v1.2.0 / 01 dec 01 / greg goebel / public domain
* After World War II, the US Air Force's (USAF) strategic bombers grew ever more capable, each reaching higher altitudes and greater speeds than its predecessor. By the late 1950s, the USAF was planning to develop a "super-bomber", the North American "B-70", that would be built in large numbers.
In reality, improvements in Soviet air defenses and the development of the ICBM made the B-70 obsolete before it ever flew. The B-52, which was planned to have been an interim type leading to the B-70, still remains the backbone of America's strategic bombing capability. However, two XB-70s were completed as supersonic test aircraft, and were among the sleekest and most impressive aircraft that ever flew. This document outlines the history of the XB-70.
* The XB-70 began life in 1954, in design studies performed for a US Air Force (USAF) request that formally emerged in 1955 as Weapons System 110 (WS-110)", which specified a high-altitude bomber that would carry a heavy warload and cruise at Mach 3 over long range at high altitude.
Boeing and North American submitted proposals, but they weren't exactly what the USAF wanted. Their designs had a loaded weight of over 450 tonnes (a million pounds); were too big to fit into existing B-52 hangars and other facilities; and could only achieve Mach 3 for a short dash over the target. The proposals were rejected. Both companies went back to the drawing board, and found that they could in fact build a bomber with a warload of over 22.5 tonnes (50,000 pounds) that could cruise at Mach 3 at an altitude of over 21 kilometers (70,000 feet), and would be able to use existing facilities.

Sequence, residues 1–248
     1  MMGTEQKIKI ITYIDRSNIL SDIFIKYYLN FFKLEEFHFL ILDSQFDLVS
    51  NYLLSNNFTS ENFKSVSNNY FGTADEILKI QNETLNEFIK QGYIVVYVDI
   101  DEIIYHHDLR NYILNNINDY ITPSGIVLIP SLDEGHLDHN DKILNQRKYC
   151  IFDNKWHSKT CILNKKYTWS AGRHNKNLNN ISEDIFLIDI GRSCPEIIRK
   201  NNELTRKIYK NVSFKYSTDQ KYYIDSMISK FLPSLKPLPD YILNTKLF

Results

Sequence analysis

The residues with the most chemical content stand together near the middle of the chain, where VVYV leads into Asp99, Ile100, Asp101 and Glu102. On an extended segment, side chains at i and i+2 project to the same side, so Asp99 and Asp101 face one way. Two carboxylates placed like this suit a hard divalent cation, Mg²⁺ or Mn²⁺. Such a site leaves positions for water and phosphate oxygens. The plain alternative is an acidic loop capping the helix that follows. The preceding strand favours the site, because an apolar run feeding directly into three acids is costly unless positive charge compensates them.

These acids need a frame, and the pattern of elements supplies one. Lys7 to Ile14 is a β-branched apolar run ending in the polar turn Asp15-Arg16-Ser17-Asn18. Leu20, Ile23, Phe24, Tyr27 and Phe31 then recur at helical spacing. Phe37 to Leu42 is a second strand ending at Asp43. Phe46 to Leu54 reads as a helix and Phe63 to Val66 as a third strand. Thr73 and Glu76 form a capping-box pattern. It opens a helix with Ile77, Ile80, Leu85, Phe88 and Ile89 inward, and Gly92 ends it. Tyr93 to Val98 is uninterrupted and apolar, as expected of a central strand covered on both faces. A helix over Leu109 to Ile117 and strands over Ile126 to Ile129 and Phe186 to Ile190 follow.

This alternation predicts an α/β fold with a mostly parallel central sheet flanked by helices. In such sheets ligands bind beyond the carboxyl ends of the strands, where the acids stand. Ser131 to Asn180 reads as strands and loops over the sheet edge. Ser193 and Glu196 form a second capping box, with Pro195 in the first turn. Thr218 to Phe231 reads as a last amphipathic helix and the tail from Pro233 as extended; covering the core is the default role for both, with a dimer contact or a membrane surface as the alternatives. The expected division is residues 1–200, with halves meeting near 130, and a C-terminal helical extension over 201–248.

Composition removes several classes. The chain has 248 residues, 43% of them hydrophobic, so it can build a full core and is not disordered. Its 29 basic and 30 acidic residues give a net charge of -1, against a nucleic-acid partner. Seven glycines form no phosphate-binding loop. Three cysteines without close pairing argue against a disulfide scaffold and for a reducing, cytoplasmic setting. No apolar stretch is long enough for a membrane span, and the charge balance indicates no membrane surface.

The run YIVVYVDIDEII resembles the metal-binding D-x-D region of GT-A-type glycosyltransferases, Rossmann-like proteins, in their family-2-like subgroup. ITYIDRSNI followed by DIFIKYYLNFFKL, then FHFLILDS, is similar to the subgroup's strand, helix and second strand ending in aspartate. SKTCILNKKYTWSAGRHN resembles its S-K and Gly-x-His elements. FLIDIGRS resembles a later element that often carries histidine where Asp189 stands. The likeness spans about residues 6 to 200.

North American won the competition in December 1957. Their design, designated "B-70", was of canard configuration, featuring a long, sleek fuselage with small wings mounted near the cockpit, and a large delta wing in the rear that was fitted with twin vertical stabilizers. The bomber was to be powered by six General Electric J93 turbojets, each with a thrust in the range of over 13 tonnes (30,000 pounds). The engines, bomb bay, and landing gear were all contained in a single wedge-shaped unit under the center of the delta wing. The aircraft was to be constructed mostly of lightweight stainless-steel honeycomb, with titanium used in certain heat-critical sections.
The B-70 also incorporated an unusual feature: the outboard 6 meters (20 feet) of the wings could fold down. This scheme was derived from research that showed that trapping the shockwave generated from the nose of a aircraft flying at supersonic speeds under the wing could generate very high lift.
The B-70 would take off with the wingtips straight. Above about 550 KPH to about Mach 1.4, they would be lowered to 25 degrees, and above that speed, to 65 degrees. The folding wingtips not only improved lift, they also allowed smaller vertical stabilizers to be used, and compensated for the delta wing's backwards shift in its center of lift as speed increased.
* However, as the B-70 design solidified, the Air Force began to have second thoughts. Intercontinental ballistic missiles (ICBMs) were clearly the way of the future for strategic nuclear strike, and the B-70 began to seem like an expensive luxury.
In December 1959, the entire program was cut back to a single prototype. This wasn't the last word on the matter, though, since big weapons procurement efforts acquire a momentum of their own, and by mid-1960 funding for the B-70 program had been restored to a level adequate for as many as a dozen of the bombers.